Hassan Shehata


Hassan Shehata

Categories: Autobiographies of converts(of those converted to Shiaism)


Hassan Bin Muhamad Bin Shehata Bin Mousa al-Anani, known as Sheikh Hassan Shehata (Arabic: حسن بن محمد بن شحاتة بن موسى العناني‎) (November 10, 1946 – June 23, 2013) was an ex-Sunni, who later converted to Shia Islam, scholar who was killed in the small village of Zawyat Abu Musalam in Giza by a Salafi inspired and encouraged mob.


He studied at Egypt’s al-Azhar University and in the 1970s, served as a prominent Sunni Imam to the Egyptian Army. According to his own account, after having a dream of Imam Ali and other sahaba, he converted to Shia Islam in the 1990s. In 2009, he spent some time in jail under the government of ousted Egyptian president Hosni Mubarak due to his speeches against radical, fundamentalist Sunni movements that harm Islam. 306 of his followers were also detained along with him.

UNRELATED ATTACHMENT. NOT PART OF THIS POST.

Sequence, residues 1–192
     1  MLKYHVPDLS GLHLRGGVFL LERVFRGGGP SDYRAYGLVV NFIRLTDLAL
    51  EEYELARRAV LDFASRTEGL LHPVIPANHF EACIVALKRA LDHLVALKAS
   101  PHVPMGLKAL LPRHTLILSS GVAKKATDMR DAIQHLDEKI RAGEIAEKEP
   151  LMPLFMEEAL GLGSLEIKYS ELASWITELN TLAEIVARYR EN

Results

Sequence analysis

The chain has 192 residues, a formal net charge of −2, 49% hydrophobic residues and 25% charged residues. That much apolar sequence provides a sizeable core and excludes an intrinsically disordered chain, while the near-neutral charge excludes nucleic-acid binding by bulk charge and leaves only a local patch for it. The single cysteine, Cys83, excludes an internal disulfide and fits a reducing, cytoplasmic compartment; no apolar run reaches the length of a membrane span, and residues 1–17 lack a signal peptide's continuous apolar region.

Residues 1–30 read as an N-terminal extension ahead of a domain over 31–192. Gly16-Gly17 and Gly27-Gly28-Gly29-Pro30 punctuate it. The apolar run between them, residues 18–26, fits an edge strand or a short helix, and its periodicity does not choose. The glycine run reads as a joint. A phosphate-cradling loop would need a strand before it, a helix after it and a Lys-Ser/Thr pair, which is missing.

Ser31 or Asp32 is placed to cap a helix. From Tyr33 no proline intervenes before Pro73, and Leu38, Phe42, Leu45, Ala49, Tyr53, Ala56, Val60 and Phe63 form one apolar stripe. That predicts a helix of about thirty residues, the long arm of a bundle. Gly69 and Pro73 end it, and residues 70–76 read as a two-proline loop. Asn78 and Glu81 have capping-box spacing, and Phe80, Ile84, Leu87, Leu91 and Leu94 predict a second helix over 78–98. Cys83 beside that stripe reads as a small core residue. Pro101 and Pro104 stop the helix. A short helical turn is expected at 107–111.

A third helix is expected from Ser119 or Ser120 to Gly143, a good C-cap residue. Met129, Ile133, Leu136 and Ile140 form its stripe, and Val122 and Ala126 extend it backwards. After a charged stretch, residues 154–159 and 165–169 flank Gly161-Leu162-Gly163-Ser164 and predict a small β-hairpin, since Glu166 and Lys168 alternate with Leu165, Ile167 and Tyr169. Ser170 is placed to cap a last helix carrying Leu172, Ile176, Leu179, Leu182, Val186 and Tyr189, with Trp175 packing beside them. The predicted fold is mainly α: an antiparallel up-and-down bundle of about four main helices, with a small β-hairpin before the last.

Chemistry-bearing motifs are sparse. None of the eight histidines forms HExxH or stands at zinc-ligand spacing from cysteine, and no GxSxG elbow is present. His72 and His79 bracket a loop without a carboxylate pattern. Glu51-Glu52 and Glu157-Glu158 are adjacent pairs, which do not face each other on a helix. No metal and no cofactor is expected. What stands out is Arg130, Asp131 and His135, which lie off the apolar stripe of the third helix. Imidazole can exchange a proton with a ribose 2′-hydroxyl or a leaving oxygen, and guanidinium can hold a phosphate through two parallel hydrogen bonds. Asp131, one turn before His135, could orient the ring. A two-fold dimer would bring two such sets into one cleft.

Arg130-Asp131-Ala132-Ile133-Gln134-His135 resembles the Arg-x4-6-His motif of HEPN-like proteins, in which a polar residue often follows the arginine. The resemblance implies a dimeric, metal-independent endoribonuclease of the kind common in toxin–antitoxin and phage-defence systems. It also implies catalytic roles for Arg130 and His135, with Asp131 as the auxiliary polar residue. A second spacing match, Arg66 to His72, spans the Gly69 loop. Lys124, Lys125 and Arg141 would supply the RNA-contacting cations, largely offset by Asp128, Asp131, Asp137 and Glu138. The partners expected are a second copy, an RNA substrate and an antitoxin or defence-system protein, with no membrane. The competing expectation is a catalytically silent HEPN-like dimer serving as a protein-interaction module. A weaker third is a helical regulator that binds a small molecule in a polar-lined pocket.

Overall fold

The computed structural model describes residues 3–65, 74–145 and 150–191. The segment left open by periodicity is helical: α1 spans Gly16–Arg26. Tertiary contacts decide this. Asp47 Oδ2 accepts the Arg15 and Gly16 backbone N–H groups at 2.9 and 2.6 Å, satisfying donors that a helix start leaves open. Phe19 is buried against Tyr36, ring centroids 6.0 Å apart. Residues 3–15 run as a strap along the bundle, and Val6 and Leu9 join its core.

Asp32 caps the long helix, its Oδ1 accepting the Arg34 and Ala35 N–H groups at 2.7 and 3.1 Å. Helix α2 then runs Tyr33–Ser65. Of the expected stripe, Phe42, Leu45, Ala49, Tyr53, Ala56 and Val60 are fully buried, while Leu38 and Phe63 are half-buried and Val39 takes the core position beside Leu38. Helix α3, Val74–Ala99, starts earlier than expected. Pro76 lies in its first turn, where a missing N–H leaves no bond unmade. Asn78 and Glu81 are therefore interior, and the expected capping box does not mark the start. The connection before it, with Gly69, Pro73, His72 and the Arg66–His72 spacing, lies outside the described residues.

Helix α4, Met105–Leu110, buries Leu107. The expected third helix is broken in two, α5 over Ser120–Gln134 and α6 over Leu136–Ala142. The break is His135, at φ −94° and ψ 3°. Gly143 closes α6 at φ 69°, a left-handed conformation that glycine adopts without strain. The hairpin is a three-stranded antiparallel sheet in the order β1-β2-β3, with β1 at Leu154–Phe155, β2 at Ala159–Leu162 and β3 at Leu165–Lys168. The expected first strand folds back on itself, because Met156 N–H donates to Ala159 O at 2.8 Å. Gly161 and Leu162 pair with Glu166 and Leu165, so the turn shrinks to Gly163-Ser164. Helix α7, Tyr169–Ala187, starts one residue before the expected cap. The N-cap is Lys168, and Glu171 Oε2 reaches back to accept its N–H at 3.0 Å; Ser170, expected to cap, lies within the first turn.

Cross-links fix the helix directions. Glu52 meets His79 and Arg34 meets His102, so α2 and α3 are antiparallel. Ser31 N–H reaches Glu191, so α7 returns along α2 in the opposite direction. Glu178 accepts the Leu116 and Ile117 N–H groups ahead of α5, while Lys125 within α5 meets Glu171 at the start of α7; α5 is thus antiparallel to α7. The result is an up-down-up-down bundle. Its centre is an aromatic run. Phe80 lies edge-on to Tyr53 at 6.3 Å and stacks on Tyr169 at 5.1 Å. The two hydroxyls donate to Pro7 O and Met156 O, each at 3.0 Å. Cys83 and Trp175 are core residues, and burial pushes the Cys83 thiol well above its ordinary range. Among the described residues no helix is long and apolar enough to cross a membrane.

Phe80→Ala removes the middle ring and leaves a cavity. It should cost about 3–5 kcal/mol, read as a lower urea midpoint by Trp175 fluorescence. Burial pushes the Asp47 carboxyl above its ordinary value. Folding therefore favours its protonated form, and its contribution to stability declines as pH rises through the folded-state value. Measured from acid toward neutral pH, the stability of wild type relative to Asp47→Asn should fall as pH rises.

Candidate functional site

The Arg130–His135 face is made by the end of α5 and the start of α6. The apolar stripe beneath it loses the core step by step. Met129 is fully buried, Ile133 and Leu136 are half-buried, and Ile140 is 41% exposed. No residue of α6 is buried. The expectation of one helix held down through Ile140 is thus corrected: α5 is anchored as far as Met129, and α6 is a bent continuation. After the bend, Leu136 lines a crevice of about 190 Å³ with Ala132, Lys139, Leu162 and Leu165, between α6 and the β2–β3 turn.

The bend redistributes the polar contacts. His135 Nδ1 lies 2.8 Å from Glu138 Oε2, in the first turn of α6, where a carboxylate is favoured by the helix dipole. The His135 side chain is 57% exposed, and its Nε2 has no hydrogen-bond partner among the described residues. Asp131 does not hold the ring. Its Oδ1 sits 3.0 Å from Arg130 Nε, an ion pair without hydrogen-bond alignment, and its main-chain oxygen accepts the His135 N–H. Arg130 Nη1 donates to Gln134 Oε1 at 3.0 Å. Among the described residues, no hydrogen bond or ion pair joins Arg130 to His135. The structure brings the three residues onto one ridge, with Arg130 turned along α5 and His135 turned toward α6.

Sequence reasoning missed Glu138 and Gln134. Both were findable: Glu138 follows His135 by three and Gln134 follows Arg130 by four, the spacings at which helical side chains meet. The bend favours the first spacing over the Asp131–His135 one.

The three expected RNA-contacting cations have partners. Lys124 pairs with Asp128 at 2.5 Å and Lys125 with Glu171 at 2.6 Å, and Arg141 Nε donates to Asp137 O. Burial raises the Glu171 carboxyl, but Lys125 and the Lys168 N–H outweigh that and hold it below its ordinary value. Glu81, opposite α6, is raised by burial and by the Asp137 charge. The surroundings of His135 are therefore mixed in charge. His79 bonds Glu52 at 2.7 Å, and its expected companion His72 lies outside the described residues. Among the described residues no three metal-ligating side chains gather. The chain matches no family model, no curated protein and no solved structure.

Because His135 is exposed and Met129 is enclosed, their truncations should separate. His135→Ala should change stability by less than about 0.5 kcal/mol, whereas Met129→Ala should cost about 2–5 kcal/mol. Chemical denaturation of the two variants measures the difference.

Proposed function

In the gruesome lynching on June 23, 2013, an angry mob led by the country’s Saudi-backed Salafist sheikhs torched Shia residences in the small village of Zawyat Abu Musalam in Giza governorate, killing four citizens, including Shehata, a prominent cleric who was visiting one of the families in the village when the attack took place. He served as a prominent Shia cleric who had thousands of followers due to his moderate views and his denouncement of radical and extremist movements in Egypt. On June 13, 2015, an Egyptian court sentenced 23 people to 14 years in prison for the fatal lynching of four Shia men in the village of Abu Musallim. The court acquitted eight other defendants.